[Letter to Ashram Boys and Girls      February 13, 1932]

 

Dear Boys and Girls,

All or most of you write to me on sheets taken out from exercise books. That is not right. It means waste of paper and slovenliness. You should use writing paper. …Those of you who feel sleepy during prayers should stand up without feeling shy. Even if you do a few pranayamas sitting down the sleepiness will go. One cannot sleep while doing pranayama. …A child may learn to read and write and still remain mentally dull. If you do not understand this fully ask me to explain again. Use your intelligence in doing everything you are asked to do. Even cleaning a lavatory requires intelligence. If you do not know how ask me.  Bapu

[Letter to Ashram Boys and Girls   June 24, 1932]

 

Chi Manu,
I got your letter. Your handwriting is improving now. For increasing your weight you should do exercise in open air and include sufficient milk and ghee in your diet. How much milk do you get? If I can say everything I wish to in a short letter why should I write a long one?     Bapu

[Letter to Mahendra V Desai   June 24 1932]

 

Dear Boys and Girls

…It seems that you have not still understood one special feature of the Ashram. It is that farm work, carpentry etc. are part of your education, and develop your intellect and some of the bodily senses.  If these crafts are taught as part of your education they would do more good, as I have already explained in one of my previous letters to the Ashram than a purely literal education does.  If you have forgotten what I said in that letter or cannot find that letter, let me know and I will write to you again about it, for the point deserves to be understood by all. Do not think that I say this because I wish to run down book learning. I fully understand its value. You will not come across many men who put such knowledge to better use than I do.  My purpose in saying this is to put training in crafts on the same footing as education in letters. …If you understand this fully, all of you will be ready to take out the cattle for grazing.  Bapu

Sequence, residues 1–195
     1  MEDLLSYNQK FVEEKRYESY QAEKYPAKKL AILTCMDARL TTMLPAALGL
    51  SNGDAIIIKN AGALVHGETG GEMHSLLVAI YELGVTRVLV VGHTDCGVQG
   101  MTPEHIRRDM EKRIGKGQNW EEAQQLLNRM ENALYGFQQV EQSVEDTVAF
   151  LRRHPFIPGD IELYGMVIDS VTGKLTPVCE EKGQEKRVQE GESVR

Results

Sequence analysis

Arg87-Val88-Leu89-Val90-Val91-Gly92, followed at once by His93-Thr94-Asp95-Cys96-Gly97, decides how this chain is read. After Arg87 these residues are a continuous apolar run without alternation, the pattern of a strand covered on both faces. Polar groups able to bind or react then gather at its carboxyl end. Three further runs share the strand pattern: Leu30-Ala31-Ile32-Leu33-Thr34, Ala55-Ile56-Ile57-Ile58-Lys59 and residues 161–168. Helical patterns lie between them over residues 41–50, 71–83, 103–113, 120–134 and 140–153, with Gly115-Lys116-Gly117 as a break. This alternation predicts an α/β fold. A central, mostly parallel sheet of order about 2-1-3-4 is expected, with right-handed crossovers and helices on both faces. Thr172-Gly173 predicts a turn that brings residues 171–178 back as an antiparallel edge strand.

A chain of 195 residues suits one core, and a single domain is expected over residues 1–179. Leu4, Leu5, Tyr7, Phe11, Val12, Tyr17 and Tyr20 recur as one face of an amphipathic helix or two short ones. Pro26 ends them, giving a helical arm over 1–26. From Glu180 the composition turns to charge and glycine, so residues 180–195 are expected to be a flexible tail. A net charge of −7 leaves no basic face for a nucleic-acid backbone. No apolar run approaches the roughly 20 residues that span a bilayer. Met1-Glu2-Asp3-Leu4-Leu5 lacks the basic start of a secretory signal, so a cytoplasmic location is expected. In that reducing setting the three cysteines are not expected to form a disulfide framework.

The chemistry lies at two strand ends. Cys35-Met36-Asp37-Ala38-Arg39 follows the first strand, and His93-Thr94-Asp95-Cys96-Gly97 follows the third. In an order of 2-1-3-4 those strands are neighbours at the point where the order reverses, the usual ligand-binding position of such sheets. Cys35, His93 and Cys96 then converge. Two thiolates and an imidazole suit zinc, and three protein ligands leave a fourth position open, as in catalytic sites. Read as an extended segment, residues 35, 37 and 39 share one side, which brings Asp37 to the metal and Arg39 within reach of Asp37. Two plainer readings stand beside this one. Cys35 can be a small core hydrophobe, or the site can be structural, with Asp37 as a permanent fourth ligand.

[Letter to Ashram Boys and Girls   December 17, 1932]

[Source: Collected Works of Mahatma Gandhi]

On a more personal note. On reading these letters I discovered that I myself had met some of of Bapu’s children, (as friends and relatives of my parents) when I was much younger, and they were much older. They have since, joined their Bapu, but it gives me a frisson of excitement to feel a tiny link to Bapu today!

–Mamata